The Feeling of Risk brings together the work of Paul Slovic, one of the world's leading analysts of risk, to describe the extension of risk perception research into the first decade of this new century.
In this collection of important works, Paul Slovic explores the conception of 'risk as feelings' and examines the interaction of feeling and cognition in the perception of risk. He also examines the elements of knowledge, cognitive skill, and communication necessary for good decisions in the face of risk.
The first section of the book looks at the difficulty of understanding risk without an emotional component, for example that disaster statistics lack emotion and thus fail to convey the true meaning of disasters and fail to motivate proper action to prevent them. The book also highlights other important perspectives on risk arising from cultural worldviews and concerns about specific hazards pertaining to blood transfusion, biotechnology, prescription drugs, smoking, terrorism, and nanotechnology.
Following on from The Perception of Risk (2000), this book presents some of the most significant research on risk perception in recent years, providing essential lessons for all those involved in risk perception and communication.
Table of Contents
Introduction and Overview
Part I: Risk as Feelings
1. The Affect Heuristic and the Attractiveness of Simple Gambles
2. Risk as Analysis and Risk as Feelings: Some Thoughts about Affect, Reason, Risk, and Rationality
3. Attentional Mechanisms in the Generation of Sympathy
4. Sympathy and Callousness: The Impact of Deliberative Thought on Donations to Identifiable and Statistical Victims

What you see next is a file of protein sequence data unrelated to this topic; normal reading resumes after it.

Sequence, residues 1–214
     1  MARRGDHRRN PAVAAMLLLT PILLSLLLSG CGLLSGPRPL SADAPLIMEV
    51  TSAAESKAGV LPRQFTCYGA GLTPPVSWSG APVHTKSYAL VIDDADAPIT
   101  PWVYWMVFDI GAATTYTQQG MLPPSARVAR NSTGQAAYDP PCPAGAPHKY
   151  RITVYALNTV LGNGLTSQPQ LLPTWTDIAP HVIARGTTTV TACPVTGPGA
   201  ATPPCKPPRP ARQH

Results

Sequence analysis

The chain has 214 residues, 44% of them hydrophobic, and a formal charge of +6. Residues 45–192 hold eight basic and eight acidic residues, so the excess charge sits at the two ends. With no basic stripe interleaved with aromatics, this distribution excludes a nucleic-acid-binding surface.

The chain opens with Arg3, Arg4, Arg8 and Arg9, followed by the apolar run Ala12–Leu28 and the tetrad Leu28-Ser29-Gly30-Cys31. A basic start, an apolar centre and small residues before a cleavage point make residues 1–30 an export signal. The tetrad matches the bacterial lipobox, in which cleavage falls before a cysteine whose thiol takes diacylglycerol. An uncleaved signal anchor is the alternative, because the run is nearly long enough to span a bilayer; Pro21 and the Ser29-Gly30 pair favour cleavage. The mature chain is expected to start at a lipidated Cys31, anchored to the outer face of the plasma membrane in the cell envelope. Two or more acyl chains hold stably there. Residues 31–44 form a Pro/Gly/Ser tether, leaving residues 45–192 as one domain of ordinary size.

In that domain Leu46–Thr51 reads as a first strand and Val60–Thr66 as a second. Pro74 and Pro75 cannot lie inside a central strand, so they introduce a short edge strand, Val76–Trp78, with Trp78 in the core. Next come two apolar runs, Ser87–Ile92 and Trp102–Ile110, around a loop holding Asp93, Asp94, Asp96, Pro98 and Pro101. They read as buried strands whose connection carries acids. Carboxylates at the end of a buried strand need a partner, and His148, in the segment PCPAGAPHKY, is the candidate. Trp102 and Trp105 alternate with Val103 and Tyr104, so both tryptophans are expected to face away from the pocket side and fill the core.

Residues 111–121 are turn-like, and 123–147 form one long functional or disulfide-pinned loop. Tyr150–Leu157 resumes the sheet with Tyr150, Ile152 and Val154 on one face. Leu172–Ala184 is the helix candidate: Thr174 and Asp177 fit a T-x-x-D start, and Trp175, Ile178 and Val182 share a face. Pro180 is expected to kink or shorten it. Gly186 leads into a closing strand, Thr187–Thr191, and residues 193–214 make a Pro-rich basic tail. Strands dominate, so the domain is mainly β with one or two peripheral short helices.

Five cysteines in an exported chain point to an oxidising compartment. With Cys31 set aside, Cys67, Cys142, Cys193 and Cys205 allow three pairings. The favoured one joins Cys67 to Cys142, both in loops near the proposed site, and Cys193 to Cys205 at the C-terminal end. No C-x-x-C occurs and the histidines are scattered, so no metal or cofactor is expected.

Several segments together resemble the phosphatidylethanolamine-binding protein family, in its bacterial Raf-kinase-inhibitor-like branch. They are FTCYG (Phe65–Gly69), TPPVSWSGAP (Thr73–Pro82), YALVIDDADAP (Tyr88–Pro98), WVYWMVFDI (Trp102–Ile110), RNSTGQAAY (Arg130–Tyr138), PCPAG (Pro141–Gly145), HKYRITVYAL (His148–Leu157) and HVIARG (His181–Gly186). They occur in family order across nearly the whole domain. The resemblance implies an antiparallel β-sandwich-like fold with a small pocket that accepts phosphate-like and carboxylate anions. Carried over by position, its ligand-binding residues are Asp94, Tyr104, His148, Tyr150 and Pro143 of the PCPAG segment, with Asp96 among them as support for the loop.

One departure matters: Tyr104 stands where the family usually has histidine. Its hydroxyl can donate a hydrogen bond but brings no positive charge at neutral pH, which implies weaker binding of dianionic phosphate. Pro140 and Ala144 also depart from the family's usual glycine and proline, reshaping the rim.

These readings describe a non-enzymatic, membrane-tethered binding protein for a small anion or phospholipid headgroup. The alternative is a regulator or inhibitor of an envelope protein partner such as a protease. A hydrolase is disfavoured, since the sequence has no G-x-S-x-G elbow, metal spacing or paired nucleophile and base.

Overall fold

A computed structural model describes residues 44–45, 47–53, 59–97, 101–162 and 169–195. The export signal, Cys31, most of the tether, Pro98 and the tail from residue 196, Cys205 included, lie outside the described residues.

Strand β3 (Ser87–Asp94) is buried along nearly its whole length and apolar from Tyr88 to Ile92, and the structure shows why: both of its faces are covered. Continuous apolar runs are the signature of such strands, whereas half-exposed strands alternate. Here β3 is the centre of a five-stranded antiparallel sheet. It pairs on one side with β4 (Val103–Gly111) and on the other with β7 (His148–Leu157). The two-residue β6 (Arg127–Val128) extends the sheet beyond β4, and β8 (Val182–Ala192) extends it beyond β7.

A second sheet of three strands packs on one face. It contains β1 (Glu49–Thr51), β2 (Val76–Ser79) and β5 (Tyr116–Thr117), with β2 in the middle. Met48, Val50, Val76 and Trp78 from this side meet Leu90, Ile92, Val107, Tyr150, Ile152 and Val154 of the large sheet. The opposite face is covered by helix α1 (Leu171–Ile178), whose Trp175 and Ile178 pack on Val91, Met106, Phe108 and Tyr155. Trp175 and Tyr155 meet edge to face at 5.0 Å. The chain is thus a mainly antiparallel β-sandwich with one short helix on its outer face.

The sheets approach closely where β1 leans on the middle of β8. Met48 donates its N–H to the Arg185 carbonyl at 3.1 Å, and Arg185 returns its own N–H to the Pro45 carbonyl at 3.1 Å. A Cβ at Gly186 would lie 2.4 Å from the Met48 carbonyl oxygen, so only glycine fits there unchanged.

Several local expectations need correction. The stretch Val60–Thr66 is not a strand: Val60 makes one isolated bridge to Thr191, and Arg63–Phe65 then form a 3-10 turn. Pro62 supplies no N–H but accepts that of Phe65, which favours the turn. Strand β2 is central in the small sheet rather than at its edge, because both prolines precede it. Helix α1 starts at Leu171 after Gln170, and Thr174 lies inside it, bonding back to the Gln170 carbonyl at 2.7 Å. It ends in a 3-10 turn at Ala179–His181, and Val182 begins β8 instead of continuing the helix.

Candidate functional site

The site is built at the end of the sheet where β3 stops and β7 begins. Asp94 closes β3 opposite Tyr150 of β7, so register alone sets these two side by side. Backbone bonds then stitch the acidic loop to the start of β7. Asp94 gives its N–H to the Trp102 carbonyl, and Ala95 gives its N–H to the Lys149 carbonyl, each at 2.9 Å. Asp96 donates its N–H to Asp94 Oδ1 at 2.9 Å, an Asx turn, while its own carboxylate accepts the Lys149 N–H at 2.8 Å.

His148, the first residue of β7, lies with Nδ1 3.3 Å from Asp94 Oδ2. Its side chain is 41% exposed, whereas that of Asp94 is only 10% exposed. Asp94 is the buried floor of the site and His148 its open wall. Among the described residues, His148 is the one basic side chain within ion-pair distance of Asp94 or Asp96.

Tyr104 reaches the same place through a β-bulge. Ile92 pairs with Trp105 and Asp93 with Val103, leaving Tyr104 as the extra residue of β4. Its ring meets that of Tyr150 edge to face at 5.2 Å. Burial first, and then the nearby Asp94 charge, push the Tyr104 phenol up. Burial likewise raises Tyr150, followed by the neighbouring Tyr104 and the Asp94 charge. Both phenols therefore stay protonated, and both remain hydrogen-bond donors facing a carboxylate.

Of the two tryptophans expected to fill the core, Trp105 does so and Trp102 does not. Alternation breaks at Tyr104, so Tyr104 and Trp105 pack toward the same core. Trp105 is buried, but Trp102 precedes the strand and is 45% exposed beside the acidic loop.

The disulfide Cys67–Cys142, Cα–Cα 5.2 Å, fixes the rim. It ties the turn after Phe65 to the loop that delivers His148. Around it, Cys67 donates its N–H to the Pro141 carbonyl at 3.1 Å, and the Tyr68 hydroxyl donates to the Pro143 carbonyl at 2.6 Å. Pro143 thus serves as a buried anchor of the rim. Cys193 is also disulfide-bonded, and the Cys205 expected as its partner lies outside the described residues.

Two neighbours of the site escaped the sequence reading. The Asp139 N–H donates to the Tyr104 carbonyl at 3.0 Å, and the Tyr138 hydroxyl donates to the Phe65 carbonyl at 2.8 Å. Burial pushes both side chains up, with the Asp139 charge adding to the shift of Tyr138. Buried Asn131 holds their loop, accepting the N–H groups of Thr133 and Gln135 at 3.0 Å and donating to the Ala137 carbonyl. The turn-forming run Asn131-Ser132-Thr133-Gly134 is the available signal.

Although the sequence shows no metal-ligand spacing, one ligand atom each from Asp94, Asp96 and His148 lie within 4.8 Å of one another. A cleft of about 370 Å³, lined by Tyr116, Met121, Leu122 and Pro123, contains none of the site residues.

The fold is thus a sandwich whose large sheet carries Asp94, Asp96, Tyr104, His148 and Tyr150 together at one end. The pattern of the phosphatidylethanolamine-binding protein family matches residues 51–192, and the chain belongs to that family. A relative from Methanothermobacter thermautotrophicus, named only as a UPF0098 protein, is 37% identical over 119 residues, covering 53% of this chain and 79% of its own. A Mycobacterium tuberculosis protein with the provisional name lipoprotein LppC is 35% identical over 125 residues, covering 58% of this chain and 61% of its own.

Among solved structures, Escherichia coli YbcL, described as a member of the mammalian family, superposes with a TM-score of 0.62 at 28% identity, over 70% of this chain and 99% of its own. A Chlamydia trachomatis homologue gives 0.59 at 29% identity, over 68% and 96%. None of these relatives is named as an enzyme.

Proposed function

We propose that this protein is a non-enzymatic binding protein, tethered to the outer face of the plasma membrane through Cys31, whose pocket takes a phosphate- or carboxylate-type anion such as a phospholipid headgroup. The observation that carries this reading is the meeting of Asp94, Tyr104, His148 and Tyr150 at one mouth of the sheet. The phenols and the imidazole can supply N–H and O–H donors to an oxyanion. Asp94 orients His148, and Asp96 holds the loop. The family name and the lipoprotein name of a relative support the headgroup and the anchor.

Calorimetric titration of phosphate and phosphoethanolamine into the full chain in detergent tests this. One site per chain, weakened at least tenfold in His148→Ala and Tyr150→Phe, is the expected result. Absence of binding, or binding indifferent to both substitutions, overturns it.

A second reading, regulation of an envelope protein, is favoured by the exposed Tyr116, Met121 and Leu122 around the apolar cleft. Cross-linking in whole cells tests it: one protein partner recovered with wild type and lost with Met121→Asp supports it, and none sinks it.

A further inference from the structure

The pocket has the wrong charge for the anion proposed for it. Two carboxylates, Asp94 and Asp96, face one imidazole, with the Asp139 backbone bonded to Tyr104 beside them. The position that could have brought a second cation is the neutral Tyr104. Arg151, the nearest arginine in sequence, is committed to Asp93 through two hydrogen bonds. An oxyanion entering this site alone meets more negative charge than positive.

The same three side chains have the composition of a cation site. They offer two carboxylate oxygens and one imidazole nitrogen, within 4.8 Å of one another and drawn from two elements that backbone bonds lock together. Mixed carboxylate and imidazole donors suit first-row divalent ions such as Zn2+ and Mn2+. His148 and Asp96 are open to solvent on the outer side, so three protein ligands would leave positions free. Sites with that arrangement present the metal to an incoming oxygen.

5. The More Who Die, The Less We Care
6. Numbers and Nerves: Toward an Affective Apprehension of Environmental Risk
7. Cigarette Smokers: Rational Actors or Rational Fools?
8. Affect, Risk Perception and Future Optimism after the Tsunami Disaster
Part II: Culture, Cognition, and Risk
9. Gender, Race, and Perceived Risk: The 'White Male' Effect
10. Discrimination, Vulnerability, and Justice in the Face of Risk
11. Culture and Identity-Protective Cognition: Explaining the White-Male Effect in Risk Perception
12. Book Review: Fear of Democracy: A Cultural Evaluation of Sunstein on Risk
13. Risk Lived, Stigma Experienced.
Part III: Psychometric Studies
14. Public Perception of the Risk of Blood Transfusion
15. Expert and Public Perception of Risk from Biotechnology
16. Risk Perception of Prescription Drugs: Results of a National Survey
17. Predicting and Modeling Public Response to a Terrorist Strike
18. Cultural Cognition of the Risks and Benefits of Nanotechnology
Part IV: Risk Knowledge and Risk Communication
19. The Social Amplification of Risk: Assessing Fifteen Years of Research and Theory
20. Numeracy Skill and the Communication, Comprehension, and Use of Risk-Benefit Information
21. Public Understanding of the Illnesses Caused by Cigarette Smoking
22. The Impact and Acceptability of Canadian-Style Cigarette Warning Labels among U.S. Smokers and Nonsmokers